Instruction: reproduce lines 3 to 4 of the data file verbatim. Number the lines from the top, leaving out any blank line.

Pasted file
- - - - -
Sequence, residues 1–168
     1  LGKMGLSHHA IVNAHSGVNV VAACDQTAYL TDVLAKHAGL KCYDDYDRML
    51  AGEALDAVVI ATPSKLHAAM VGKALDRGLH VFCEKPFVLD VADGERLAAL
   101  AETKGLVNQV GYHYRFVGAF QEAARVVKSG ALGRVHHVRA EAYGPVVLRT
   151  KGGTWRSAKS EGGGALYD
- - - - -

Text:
    51  AGEALDAVVI ATPSKLHAAM VGKALDRGLH VFCEKPFVLD VADGERLAAL
   101  AETKGLVNQV GYHYRFVGAF QEAARVVKSG ALGRVHHVRA EAYGPVVLRT